MCU Methodology

The Unit's initial modus operandi was a hybrid of traditional community engagement and intelligence-gathering models. Lambert observed this was “seemingly a long way from conventional counter-terrorism yet wholly familiar to experienced MPSB officers who had taken part in similar ventures in Brixton and Tottenham in the wake of the Brixton riots in 1981 and the Broadwater Farm riot in 1985.”[22] Its avowed strategy was to “set about identifying the Muslims they believed were best equipped to take on the so-called “hate preachers”.[23] Focus seemed to be on preachers such as Abdulla el-Faisal in Brixton and Abu Hamza al Masri at the Finsbury Park mosque.[24]

Prevailing counter-terrorism policing opinion advocated engaging with Muslim community leaders of the ‘ideal yes-saying’ kind, [25] and cautioned against ‘accommodating traditionalists and lumped salafis and Islamists togetehr as radical fundamentalists'.[26] Lambert took the opposing approach of seeking to work with those Muslims characterised as Islamist or Salafi.

In practice, Lambert's unit worked closely with two separate clusters of groups and individuals. In South London, they established a partnership with the Salafi Brixton Mosque through Abdul Haqq Baker and others, and in North London with various Muslim Brotherhood-linked organisations, principally through Anas Altikriti. By July 2005 it was being publicly mooted that this approach could be rolled out nationally, with “special squads, to be known as Muslim Contact Units and staffed by Special Branch officers, [to] be established in areas including Yorkshire, north-west England and parts of the Midlands.”[27] There is no evidence though that this happened.

MCU activities

Whilst the precise nature of MCU's mission is, by virtue of it being a Special Branch unit, somewhat opaque, it is possible to identify a number of areas in which it has been active since its inception in 2002.

Visiting mosques

Lambert notes in his book that in the very first days of the Muslim Contact Unit he set the “ambitious target of visiting every mosque, Islamic institution and Muslim organisation in London.”[28] At a round table discussion conference in 2011, he claimed to have visited more than three hundred mosques and Islamic associations across Britain.[29][30]

Isolating key figures

A core aim of the MCU was the identification and neutralisation of certain clerics or activists perceived as working in the interests of Al Qaida. In the early days of the Unit, this meant targeting Abdullah el Faisal, Abu Hamza al Masri, and Abu Qatada al Filistini.[31] The latter was active in North London, and detained in October 2002, under emergency terrorism laws that allowed indefinite detention without trial for years.[32]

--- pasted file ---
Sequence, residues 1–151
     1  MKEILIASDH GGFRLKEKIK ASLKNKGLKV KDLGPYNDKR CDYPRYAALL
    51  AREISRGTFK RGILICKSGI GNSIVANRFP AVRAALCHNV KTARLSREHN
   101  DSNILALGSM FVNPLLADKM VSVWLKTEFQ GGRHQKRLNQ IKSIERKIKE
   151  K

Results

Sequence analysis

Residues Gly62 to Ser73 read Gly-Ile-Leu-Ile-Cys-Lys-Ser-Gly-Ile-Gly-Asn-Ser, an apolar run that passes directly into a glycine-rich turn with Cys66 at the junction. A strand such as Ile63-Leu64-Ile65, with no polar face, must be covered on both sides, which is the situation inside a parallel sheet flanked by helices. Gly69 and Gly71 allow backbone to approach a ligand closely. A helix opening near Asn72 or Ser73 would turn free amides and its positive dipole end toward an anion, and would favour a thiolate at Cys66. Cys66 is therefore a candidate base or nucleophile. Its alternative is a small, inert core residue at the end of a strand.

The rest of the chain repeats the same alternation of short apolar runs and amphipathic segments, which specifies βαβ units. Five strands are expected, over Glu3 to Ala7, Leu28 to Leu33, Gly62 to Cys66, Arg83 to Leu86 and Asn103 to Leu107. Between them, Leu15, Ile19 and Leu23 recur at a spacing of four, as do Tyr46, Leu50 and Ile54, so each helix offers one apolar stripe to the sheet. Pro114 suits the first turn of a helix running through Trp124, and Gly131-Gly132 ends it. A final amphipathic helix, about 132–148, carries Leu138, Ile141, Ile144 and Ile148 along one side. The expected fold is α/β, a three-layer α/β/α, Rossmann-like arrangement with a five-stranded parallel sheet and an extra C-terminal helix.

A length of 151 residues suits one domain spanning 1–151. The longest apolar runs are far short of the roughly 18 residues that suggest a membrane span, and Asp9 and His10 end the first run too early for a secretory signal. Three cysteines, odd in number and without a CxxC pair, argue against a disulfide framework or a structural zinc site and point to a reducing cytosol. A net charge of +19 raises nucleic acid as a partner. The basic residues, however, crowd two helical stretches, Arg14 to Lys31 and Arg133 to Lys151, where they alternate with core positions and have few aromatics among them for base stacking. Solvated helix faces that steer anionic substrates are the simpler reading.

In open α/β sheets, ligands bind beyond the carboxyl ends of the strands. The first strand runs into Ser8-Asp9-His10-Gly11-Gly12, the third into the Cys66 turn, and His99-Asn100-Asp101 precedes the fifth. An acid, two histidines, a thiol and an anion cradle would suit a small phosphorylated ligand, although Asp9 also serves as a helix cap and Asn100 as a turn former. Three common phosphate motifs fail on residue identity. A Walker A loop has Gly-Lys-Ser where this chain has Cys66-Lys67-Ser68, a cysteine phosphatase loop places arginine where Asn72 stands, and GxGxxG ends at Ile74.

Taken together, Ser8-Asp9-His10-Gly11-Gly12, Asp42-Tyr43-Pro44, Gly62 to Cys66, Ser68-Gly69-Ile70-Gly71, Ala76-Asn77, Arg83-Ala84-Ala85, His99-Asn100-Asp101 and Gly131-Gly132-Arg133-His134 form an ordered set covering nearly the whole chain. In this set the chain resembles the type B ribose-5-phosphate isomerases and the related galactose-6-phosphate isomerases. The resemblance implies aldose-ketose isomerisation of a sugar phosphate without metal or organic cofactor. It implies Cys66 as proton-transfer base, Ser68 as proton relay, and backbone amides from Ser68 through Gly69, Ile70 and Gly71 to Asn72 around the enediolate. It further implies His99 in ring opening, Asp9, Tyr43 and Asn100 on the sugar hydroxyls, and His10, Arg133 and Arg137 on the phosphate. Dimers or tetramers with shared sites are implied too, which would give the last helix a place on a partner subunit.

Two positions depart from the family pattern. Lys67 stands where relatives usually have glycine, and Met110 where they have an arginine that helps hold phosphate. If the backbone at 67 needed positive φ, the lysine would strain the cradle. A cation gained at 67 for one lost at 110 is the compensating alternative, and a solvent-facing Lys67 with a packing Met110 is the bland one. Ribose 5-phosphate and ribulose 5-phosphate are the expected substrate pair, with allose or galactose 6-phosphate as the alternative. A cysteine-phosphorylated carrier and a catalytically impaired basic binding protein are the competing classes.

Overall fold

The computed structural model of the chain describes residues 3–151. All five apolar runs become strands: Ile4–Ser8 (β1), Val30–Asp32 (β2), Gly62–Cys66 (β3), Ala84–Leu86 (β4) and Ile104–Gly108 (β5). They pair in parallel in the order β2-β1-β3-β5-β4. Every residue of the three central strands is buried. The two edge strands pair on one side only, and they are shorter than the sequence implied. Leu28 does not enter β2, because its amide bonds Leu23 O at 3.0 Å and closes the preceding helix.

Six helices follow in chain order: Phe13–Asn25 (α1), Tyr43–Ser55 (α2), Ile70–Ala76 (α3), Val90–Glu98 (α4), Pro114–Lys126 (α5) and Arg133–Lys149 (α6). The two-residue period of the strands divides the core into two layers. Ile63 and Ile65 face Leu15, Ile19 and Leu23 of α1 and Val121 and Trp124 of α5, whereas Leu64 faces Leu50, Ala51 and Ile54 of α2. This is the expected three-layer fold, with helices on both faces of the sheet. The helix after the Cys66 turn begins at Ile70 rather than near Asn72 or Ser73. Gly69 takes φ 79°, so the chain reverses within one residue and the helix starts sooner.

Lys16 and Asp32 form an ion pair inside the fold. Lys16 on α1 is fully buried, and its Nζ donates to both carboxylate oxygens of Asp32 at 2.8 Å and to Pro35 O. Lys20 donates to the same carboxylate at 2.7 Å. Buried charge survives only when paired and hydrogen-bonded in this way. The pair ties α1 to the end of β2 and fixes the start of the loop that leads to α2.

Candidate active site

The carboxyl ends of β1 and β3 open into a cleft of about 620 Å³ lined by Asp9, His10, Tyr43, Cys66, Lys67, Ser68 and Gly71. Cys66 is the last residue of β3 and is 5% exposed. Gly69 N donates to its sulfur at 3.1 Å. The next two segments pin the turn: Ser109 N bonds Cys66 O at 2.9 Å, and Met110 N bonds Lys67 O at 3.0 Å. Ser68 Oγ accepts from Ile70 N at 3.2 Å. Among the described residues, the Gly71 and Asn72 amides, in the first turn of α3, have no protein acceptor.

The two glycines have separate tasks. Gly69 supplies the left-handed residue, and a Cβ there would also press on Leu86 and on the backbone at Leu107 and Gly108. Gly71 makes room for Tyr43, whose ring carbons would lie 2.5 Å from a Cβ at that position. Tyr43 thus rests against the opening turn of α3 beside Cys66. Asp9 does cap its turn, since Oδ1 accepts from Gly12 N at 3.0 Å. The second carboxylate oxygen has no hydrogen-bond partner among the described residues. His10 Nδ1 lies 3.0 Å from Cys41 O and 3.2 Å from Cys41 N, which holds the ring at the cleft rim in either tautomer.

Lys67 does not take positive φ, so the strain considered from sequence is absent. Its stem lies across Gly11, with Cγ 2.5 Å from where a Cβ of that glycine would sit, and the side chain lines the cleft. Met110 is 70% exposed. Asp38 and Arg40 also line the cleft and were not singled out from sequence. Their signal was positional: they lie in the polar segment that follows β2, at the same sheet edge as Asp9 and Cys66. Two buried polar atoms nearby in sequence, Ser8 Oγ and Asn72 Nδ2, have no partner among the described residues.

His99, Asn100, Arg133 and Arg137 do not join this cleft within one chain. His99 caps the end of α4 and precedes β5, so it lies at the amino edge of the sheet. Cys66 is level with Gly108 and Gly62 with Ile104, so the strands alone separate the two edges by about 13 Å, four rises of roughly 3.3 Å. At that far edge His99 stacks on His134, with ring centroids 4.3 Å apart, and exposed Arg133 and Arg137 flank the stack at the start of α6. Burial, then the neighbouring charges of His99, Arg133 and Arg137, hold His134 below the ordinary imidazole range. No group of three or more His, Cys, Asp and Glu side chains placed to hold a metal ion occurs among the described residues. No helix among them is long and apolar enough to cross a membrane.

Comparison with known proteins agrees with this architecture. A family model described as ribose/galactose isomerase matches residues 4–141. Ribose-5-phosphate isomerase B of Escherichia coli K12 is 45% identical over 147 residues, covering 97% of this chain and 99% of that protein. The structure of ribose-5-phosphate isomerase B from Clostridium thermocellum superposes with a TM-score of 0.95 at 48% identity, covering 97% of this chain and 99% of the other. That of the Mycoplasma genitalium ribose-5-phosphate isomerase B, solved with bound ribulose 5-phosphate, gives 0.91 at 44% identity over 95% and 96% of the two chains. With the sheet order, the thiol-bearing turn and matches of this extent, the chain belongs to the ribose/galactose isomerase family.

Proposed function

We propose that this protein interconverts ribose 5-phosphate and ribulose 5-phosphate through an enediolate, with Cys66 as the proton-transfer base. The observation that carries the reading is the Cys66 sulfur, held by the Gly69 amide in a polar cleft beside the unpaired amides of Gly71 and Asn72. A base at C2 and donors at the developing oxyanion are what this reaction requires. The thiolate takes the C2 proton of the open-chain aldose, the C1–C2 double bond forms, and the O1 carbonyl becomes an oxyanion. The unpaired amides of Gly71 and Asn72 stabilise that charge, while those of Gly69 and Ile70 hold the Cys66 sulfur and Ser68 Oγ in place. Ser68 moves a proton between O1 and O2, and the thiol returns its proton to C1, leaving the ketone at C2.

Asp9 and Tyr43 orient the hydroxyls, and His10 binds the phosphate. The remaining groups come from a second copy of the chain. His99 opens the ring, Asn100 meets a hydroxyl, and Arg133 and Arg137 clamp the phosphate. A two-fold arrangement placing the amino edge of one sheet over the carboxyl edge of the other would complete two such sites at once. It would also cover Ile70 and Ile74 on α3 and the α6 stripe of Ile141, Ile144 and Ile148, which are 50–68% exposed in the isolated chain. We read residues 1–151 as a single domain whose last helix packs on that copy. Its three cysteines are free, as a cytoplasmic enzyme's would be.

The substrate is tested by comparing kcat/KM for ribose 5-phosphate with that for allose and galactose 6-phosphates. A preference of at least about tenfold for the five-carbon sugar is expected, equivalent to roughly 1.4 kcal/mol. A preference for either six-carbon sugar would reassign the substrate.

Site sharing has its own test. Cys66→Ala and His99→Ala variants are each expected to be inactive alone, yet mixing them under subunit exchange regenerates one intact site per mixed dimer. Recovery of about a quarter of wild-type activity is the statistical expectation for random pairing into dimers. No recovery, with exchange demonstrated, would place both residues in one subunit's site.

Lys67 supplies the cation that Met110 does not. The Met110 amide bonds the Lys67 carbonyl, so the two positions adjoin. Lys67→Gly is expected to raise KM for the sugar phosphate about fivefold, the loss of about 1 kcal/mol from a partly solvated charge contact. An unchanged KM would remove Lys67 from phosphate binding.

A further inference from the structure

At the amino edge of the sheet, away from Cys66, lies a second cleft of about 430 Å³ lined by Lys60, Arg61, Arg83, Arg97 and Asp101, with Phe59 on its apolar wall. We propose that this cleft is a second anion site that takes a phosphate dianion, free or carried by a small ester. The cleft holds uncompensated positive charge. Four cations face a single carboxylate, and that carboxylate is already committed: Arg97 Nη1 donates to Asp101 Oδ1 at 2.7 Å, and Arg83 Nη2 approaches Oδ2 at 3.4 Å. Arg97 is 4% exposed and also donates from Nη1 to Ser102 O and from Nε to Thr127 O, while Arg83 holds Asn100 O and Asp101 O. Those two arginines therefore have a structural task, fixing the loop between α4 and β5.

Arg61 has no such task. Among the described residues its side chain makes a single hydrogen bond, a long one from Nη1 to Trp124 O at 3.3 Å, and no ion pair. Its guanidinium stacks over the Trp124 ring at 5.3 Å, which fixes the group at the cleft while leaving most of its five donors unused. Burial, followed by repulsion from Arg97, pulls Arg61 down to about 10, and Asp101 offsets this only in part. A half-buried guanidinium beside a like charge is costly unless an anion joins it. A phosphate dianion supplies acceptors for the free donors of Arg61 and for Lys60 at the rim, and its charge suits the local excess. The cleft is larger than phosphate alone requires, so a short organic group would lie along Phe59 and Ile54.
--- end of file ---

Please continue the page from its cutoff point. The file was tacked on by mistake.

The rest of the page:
On a practical level, the MCU worked with ‘street-credible’ local partners - notably the ‘Brixton Salafis’ around Abdul Haqq Baker, and the ‘North London Islamists’ around Anas Altikriti. In South London the Brixton group was seen as being successful in neutralising the appeal of el Faisal to (in particular) Black British converts, whilst in Finsbury Park the Altikriti group was able, in a highly coordinated operation watched over by Lambert's MCU, to physically take control of the mosque from Abu Hamza's acolytes in February 2005.[33][34][35] [36][37]

Efforts to immobilise Abu Qatada were less effective, with Lambert privately admitting that the MCU had been unable to drive a wedge between the Jordanian-born Salafi cleric,[38] and certain of his British supporters, such as CAGE.[39] Efforts to engage with CAGE (which began as a pressure group working for Guantanamo Bay detainees) in 2007 never led to a substantial cooperation.[40][41]

Building partnerships

Lambert details how he built up partnership with Muslim organisations through Abdul Haqq Baker and Anas Altikriti. Through Altikriti, he worked with the Muslim Brotherhood-aligned network within the Muslim Association of Britain (MAB) and the Muslim Welfare House.[4] And though Altikriti's influence in the MAB waned subsequently, the ‘North London Islamists’ would continue to manage Finsbury Park Mosque.

In South London, Lambert's engagement with the ‘Brixton Salafis’ began slowly (Lambert notes it took “almost a year...before police officers in the unit could embark in earnest on a trust-building project with the Brixton Salafi leadership”),[42] but grew even stronger, with Lambert even becoming a director of their youth outreach project STREET. When government funding to STREET dried up and it folded, Baker, would join academic centres where Lambert then held positions: first to the University of Exeter's European Muslim Research Centre from 2009 until 2010,[43] and then to St. Andrews at the Centre for the Study of Terrorism and Political Violence.[44])

Liaising between police and community

In addition to working bilaterally with partners in the community (as noted above), the MCU also worked as a liaison between the wider police service and interest groups within the Muslim community, notably through the Muslim Safety Forum.[45] The MSF was set up in late 2001 in the wake of the 9/11 attacks by the Met’s Diversity Directorate (formerly John Grieve’s Racial and Violent Crime Task Force) “to provide a platform for Muslim community representatives to voice their attitudes and concerns about crime, security, Islamophobia and violent extremism.”[46][47] It was to become “home to regular meetings between senior police officers and representatives of Islamic institutions and Muslim community organizations.”[48] Initially organised to facilitate dialogue between the Metropolitan Police and representatives of Muslim interest groups on an ad hoc basis, in time it became more autonomous, with constituent groups taking on more responsibility, rather than it being simply an adjunct of the Metropolitan Police. Lambert notes that two early prime movers were Zaki Badawi (a senior imam at London Central Mosque) and Sayed Yousif Al-Khoei.[49] Both had previously worked with the Metropolitan Police. While at E Squad, Lambert had worked with Badawi as early as 1989 during the Salman Rushdie affair.[13]